|Published:||May 19, 2010 1:04 PM EDT|
|Updated:||May 19, 2010 1:04 PM EDT|
BANGKOK (AP) - Downtown Bangkok turned into a flaming
battleground Wednesday as an army assault toppled the Red Shirt
protest leadership, enraging followers who fired grenades and set
numerous fires that cloaked the skyline in a black haze.
Using live ammunition, troops dispersed thousands of
anti-government protesters who had been camped in the capital's
premier shopping and residential district for weeks. Four
protesters and an Italian news photographer were killed in the
ensuing gunbattles and about 60 wounded.
After Red Shirt leaders gave themselves up to police, rioters
set fires at the Stock Exchange, several banks, the headquarters of
the Metropolitan Electricity Authority, the high-end Central World
shopping mall and a cinema complex that collapsed. Thick smoke
drifted across the sky of this city of 10 million people.
The government declared a nighttime curfew in Bangkok, and said
army operations would continue through the night. An announcement
signed by Prime Minister Abhisit Vejjajiva and broadcast on
television said nobody in the capital was allowed out of their
homes from 8 p.m. until 6 a.m unless they have permission from
Protesters also turned their rage on the local media, which they
have accused of pro-government coverage. They attacked the offices
of state-run Channel 3, setting fire to cars outside and puncturing
water pipes that flooded the building.
"At Channel 3 need urgent help from police, soldiers!!!"
tweeted news anchor Patcharasri Benjamasa. "News cars were smashed
and they are about to invade the building."
Hours later its building was on fire. Its executives were
evacuated by helicopter. Other staff escaped on foot.
The English-language Bangkok Post newspaper evacuated its staff
after threats from the Red Shirts. A large office building down the
street from the Post was set afire.
Unrest also spread to the rural northeast of the country, where
Red Shirts, who claim Abhisit's government is elitist and oblivious
to their plight, retain strong support.
Local media reported protesters set fire to government offices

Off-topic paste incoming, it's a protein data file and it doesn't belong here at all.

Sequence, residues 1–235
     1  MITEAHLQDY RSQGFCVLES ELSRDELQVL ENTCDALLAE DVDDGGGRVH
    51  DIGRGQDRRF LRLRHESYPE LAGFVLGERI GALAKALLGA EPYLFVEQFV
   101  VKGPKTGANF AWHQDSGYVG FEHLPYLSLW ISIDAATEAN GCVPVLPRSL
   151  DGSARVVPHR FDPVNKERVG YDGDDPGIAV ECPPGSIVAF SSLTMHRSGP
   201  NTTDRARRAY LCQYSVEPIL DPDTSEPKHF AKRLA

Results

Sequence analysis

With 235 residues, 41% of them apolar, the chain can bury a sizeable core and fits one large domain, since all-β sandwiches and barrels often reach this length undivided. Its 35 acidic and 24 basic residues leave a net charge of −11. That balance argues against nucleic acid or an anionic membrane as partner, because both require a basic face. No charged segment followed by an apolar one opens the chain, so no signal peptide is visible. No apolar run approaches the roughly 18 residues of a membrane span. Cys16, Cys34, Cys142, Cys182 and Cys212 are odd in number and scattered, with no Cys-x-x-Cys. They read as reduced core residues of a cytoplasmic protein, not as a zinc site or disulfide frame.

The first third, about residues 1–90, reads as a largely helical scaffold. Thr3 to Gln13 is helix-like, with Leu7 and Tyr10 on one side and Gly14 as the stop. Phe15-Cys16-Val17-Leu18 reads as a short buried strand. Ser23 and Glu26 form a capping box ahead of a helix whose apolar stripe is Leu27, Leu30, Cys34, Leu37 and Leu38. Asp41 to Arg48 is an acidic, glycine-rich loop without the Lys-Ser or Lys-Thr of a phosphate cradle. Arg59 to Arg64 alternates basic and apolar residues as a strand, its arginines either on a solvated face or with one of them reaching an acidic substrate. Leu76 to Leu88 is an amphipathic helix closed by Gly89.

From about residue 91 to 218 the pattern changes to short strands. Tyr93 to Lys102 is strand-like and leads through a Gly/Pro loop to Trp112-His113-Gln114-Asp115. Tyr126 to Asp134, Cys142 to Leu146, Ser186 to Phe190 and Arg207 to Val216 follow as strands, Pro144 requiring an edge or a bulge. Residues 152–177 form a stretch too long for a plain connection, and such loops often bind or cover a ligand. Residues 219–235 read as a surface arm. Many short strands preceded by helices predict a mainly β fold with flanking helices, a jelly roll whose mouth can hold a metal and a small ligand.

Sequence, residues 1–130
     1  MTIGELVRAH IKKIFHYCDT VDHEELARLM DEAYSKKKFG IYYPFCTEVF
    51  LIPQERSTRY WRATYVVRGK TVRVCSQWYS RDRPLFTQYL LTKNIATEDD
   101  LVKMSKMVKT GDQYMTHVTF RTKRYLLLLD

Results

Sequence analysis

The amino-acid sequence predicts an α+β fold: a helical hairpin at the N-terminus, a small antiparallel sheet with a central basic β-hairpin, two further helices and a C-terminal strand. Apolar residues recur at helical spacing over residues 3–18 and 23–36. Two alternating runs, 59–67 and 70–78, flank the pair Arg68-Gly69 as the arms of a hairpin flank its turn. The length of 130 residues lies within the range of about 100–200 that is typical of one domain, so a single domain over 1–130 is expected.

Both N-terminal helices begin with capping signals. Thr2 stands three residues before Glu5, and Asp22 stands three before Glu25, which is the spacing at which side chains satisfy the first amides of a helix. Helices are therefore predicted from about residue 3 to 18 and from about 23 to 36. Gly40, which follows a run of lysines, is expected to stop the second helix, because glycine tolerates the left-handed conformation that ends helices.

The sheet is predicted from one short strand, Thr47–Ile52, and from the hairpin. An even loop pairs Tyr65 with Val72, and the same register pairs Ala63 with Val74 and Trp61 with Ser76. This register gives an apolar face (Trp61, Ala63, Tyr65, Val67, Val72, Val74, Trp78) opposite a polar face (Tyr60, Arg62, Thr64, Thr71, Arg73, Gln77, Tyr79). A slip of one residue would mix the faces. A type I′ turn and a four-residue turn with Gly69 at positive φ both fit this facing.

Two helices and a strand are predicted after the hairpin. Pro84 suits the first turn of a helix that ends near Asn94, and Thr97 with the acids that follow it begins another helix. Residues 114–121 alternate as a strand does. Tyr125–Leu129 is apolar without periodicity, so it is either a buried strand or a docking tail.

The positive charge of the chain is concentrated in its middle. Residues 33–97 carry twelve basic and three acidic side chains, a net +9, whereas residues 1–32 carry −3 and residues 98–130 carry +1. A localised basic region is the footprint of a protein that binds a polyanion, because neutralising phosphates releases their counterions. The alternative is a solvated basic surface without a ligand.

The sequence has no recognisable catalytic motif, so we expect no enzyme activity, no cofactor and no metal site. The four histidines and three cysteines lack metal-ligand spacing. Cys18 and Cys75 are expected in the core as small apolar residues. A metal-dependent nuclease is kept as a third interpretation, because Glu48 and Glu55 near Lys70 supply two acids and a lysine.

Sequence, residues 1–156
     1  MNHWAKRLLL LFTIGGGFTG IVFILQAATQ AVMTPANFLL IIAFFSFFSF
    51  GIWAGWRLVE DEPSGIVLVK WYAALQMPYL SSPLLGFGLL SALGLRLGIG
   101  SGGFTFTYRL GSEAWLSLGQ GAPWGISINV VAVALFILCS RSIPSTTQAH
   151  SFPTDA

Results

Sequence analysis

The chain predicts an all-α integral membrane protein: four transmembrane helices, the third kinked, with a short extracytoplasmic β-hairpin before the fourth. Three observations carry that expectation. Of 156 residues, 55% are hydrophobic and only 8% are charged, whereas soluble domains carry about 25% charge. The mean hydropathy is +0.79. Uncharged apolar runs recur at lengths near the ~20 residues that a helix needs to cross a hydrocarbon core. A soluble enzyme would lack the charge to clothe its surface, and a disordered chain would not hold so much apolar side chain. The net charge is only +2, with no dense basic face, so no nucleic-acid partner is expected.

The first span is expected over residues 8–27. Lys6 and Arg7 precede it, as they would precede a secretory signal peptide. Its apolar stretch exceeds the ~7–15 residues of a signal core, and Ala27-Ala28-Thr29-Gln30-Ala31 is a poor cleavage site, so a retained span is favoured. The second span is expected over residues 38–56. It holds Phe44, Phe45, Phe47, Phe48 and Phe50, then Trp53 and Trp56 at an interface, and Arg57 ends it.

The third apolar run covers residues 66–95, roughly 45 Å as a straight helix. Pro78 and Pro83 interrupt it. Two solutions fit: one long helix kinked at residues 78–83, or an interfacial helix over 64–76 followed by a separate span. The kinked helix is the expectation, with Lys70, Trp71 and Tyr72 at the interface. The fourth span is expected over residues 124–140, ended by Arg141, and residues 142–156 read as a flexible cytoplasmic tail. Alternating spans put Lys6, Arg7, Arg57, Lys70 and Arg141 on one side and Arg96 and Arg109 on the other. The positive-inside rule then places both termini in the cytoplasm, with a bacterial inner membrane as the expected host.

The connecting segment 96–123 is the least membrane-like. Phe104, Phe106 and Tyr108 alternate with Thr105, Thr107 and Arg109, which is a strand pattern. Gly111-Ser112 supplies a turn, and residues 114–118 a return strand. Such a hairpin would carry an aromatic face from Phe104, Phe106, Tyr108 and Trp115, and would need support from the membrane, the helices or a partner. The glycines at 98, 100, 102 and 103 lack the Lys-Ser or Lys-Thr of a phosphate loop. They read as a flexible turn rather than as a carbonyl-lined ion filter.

in the city of Udon Thani and vandalized a city hall in Khon Kaen.
Udon Thani's governor asked the military to intervene. TV images
also showed troops retreating after being attacked by mobs in Ubon
The chaotic end to the Red Shirt gathering in Bangkok is certain
to deal a heavy blow to the economy and tourism industry of
Thailand, a key U.S. ally and long considered one of the more
stable countries in Southeast Asia. The Red Shirts are demanding
the ouster of Abhisit's government, the dissolution of Parliament
and new elections.
Cabinet minister Satit Vongnongteay described the chaos as
"There are violent-prone protesters who remain angry," Satit
told a news conference.
At least 44 people have been killed, most of them civilians, in
a week of violence in Bangkok as a military attempt to blockade the
protesters - who had camped in the 1-square-mile
(3-square-kilometer) Rajprasong district for six weeks - instead
touched off street fighting, with soldiers firing on protesters who
fought back mostly with homemade weapons.
The final crackdown began soon after dawn Wednesday, as hundreds
of troops armed with M-16s converged on the Red Shirt base in
Rajprasong, where high-end malls and hotels have been shuttered by
the prolonged protest.
Armored vehicles crashed through barricades of piled tires and
bamboo stakes, then soldiers gradually moved toward the protesters'
hub, opening fire and drawing return fire from militant Red Shirts,
Associated Press journalists saw.
Bullets flew overhead and several grenades exploded near the
soldiers, forcing them to pull back and take cover briefly before
pushing forward. A Canadian freelance reporter was injured by
grenade shrapnel. Two other journalists were wounded earlier, one
Dutch man and an American documentary filmmaker. An Italian
photographer was killed.
With no hope of resisting the military's advance, seven top Red
Shirt leaders turned themselves in on Wednesday afternoon, saying
they cannot see their supporters - women and children among them -
being killed anymore.
"Brothers and sisters, I'm sorry I cannot see you off the way I
welcomed you all when you arrived here. But please be assured that
our hearts will always be with you," Nattawut Saikua, a key
leader, said as he was being arrested.
"Please return home," he said.
By mid-afternoon, the army announced it had gained control of
the protest zone and the operations had ended - nine hours after
troops launched the pre-dawn assault.
"Police officers and soldiers have now stopped their
operation," army spokesman Col. Sansern Kawekamnerd said.
But the Red Shirt leaders' decision to surrender - over two
months after they began their protest in the Thai capital - clearly
enraged some followers. Rioting spread quickly to other previously
unaffected areas of Bangkok - prompting the government declaration
of a curfew for at least one night - and to cities in the northeast
of the country.
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